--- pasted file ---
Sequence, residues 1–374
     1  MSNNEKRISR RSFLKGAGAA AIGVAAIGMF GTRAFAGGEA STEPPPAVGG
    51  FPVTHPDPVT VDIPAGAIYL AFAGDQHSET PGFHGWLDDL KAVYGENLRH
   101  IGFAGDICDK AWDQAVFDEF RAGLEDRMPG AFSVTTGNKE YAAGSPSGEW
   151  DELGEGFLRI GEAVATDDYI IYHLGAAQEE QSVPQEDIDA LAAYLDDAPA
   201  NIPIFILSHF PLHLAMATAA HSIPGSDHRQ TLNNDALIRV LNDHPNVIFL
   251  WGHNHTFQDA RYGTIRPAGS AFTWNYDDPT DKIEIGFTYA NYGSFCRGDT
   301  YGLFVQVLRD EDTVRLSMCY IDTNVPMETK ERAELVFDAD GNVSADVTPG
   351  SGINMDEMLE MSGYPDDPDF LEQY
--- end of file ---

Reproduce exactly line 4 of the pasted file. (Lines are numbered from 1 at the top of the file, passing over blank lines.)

   101  IGFAGDICDK AWDQAVFDEF RAGLEDRMPG AFSVTTGNKE YAAGSPSGEW